She stopped in front of the bar, a tall, rangy woman in flat, sturdy ankle boots, a long black coat, and the incongruous ski cap with a snowflake shimmering over her choppy brown hair and knitted eyebrows.

DU VIN.

Stupid name for a bar, she thought, her wide mouth twisting in derision. Snooty French name for a bar.

She wondered if Roarke owned it, because her husband owned damn near everything else. She’d rather be having a drink with him. At home.

But she wasn’t.

She reached for the door, remembered the snowflake cap. She yanked it off, stuffed it in her pocket to maintain a little dignity.

She stepped out of the noise and rush of downtown New York, into the fern- and flower-decked noise of the trendy, overpriced drinking hole.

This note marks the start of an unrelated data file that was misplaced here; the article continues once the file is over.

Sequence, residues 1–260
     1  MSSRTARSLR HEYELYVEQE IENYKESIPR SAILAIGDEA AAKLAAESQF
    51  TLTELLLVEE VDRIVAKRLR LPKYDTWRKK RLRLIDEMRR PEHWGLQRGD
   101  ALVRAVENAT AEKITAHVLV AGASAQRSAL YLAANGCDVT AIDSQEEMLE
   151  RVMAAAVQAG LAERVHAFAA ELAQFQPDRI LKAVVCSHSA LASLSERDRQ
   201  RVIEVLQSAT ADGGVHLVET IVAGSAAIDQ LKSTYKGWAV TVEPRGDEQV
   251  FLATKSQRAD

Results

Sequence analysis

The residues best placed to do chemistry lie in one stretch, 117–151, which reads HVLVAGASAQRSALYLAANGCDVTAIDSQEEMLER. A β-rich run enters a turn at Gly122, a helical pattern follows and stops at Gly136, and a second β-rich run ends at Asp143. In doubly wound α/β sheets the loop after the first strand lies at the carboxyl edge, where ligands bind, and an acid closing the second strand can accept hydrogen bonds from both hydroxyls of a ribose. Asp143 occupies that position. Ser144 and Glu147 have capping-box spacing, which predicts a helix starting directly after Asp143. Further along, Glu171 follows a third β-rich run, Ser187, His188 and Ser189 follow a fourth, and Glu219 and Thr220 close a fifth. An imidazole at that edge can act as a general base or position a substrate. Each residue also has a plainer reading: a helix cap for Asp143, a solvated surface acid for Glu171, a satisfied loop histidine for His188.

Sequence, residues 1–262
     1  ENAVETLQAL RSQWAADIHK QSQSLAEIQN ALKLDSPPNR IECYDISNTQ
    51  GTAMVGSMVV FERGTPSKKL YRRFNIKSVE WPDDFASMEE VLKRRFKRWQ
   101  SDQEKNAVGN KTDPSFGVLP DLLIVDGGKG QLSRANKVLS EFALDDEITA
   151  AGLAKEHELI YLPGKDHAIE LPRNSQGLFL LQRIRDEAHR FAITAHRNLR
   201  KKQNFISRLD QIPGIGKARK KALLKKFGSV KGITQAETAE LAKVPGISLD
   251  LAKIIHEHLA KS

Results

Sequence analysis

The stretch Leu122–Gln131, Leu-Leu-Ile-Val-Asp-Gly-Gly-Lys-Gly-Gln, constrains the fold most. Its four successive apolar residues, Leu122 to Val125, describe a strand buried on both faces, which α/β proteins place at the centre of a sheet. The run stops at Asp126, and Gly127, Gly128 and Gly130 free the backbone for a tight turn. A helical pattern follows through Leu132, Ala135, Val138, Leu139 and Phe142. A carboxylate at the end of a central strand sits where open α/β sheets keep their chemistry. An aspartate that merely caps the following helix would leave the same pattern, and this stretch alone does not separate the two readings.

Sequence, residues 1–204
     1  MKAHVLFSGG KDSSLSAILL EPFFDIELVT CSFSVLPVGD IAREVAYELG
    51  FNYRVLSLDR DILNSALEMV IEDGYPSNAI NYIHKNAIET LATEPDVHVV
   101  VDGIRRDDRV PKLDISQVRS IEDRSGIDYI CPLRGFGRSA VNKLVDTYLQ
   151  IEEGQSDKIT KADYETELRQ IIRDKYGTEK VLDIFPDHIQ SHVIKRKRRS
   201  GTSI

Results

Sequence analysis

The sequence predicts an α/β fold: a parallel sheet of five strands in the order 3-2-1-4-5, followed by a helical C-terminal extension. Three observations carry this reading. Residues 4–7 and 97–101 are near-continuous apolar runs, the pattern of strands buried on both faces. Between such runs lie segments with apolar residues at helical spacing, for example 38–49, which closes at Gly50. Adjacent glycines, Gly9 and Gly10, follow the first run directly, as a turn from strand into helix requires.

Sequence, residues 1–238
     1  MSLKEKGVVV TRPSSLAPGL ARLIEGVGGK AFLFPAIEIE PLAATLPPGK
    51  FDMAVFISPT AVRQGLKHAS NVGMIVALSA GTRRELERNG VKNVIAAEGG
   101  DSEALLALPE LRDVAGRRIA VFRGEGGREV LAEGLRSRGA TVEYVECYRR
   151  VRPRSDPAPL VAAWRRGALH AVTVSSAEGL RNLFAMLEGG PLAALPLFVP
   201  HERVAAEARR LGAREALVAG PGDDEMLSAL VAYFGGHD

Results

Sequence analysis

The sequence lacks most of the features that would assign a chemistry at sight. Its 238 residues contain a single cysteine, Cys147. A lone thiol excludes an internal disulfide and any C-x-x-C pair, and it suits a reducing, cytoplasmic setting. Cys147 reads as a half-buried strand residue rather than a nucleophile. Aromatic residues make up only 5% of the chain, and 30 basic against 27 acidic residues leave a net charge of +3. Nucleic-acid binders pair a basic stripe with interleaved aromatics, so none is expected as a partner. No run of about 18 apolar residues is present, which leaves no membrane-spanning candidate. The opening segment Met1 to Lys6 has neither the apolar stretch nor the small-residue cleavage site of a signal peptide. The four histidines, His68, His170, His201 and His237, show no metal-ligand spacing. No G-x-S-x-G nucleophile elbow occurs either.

The bar itself, a dull and elegant silver, swept itself into an S curve along the facing wall. Mirrored shelves filled with shiny bottles backed it. On the top shelf exotic red flowers spilled out of black-and-white checked pots.

Stools with black-and-white checked seats lined the front. An ass filled every seat while other patrons crowded in, keeping the trio of bartenders busy.

The generous space, artistically lit by silver pendants twisted into floral shapes, provided room for high tops, low tops, booths, and the waitstaff, dressed in sharply severe black, moving among them.

Just under the drone of sound generated by voices, clinking glassware, and the click of shoes on the polished floor, the music system lilted with some throaty-voiced woman singing in French.

It all struck Eve as entirely too … everything.